The Spring 2014 Digital Humanities Faculty Seminar launched last week. If the vigorous discussion of week one offers any indication, the term promises to involve a healthy dose of critical engagement with the texts and practices in DH.
Beginning with a reading of the Digital Humanities Manifesto 2.0, seminar participants found much to dislike in that representation of the digital humanities. Mostly, the critiques raised important questions right in the center of the digital humanities, with challenges to the strong criticism of intellectual property, the “wisdom of crowds” elements, the “scholarly” contributions of digital archival work and humanities computing, and the sense that DH is really revolutionary. The jury is still out on the value of engaging the “Manifesto” as a first reading in a seminar of this sort.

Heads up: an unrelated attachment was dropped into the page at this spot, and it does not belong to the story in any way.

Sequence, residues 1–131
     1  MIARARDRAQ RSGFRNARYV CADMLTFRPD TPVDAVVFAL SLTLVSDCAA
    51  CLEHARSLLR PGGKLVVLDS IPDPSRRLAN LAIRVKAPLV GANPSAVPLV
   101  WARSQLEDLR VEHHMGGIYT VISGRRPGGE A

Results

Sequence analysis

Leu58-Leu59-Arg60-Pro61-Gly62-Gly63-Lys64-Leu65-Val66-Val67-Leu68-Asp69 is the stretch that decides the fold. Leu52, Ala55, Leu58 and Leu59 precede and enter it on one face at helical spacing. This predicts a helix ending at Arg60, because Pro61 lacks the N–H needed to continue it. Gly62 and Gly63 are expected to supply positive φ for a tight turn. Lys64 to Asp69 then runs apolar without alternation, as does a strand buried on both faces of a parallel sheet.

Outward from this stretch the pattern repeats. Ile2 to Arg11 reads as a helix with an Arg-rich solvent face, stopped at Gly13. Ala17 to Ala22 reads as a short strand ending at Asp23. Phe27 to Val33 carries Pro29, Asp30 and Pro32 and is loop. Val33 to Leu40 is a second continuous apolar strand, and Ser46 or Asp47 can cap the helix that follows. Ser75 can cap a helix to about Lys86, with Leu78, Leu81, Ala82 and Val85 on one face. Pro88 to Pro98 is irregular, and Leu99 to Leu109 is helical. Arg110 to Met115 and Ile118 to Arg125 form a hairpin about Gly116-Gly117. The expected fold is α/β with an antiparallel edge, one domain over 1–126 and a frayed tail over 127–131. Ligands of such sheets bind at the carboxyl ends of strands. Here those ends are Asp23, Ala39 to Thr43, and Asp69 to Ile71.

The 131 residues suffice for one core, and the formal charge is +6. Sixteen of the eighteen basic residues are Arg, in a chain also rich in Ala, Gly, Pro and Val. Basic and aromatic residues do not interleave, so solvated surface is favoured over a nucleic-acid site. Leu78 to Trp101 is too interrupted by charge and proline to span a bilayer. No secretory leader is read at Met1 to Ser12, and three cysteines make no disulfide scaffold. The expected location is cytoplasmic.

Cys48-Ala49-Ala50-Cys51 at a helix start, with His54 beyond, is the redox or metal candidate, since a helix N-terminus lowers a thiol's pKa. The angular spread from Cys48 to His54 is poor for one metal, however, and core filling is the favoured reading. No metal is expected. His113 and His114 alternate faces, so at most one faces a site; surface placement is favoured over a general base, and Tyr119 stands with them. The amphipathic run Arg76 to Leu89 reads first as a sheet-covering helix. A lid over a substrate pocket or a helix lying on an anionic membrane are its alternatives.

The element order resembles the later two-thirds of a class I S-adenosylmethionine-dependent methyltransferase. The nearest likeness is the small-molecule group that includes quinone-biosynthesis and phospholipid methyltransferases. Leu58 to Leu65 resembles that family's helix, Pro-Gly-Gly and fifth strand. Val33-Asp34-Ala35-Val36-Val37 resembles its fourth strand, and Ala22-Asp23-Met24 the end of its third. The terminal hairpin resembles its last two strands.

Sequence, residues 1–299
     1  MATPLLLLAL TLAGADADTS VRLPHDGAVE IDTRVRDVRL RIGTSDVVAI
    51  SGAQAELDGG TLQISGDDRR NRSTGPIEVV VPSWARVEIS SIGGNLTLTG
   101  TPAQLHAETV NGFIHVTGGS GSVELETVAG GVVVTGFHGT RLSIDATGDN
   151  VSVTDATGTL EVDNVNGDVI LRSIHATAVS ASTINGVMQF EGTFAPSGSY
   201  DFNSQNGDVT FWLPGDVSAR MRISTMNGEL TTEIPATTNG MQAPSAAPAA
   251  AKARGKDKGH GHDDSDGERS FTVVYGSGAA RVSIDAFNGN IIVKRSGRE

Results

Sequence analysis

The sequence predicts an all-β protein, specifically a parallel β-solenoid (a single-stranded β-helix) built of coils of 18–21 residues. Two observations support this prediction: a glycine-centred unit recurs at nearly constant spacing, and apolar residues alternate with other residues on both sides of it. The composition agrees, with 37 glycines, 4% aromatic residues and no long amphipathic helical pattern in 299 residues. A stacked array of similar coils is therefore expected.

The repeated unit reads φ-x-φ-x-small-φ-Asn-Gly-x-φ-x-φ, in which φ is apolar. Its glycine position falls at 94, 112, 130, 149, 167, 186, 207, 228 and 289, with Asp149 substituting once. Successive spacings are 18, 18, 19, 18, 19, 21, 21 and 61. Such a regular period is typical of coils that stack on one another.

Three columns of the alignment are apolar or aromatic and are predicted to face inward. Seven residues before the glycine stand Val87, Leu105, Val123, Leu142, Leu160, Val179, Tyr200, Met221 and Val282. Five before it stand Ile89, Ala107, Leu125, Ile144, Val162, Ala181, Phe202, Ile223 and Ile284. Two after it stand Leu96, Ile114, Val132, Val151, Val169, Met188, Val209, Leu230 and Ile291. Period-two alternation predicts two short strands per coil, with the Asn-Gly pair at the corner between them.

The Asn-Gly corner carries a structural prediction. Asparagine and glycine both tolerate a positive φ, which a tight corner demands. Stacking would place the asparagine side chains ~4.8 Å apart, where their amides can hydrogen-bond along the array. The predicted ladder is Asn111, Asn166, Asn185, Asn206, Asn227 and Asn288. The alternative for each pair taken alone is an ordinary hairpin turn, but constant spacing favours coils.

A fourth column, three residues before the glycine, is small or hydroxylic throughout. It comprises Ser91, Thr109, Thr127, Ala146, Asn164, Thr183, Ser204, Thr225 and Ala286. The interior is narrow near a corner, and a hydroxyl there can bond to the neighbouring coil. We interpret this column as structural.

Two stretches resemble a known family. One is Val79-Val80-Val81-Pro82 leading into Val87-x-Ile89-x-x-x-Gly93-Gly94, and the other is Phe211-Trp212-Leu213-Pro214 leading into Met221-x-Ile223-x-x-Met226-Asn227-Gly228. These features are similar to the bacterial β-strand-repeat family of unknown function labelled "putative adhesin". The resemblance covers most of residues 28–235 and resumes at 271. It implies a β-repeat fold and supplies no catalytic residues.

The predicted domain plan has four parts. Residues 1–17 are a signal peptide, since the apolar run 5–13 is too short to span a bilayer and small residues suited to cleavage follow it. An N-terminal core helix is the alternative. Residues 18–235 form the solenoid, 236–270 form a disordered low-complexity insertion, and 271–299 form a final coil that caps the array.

In addition, participants got busy creating, and the reflective blogs emerging from the seminar participants are worth a read:
- Badass Humanist – Dr. Eric Zuelow’s seminar blog
- Winter Mute – Dr. Ayala Cnaan’s seminar blog
- JMD – Dr. Jennifer Denbow’s seminar blog
To keep the blog posts front and center, we have subscribed to the blog RSS feeds and placed them right in the sidebar of the site.
In week two, we invested considerable energy into sharing planned projects and exploring paths forward. The tone was considerably less aggressive, and participants shared lots of good ideas. As the discussion unfolded, it became clear that the syllabus contains many elements that will likely prove quite useful for participants.
For those interested in the reading selections for the seminar, the syllabus is online.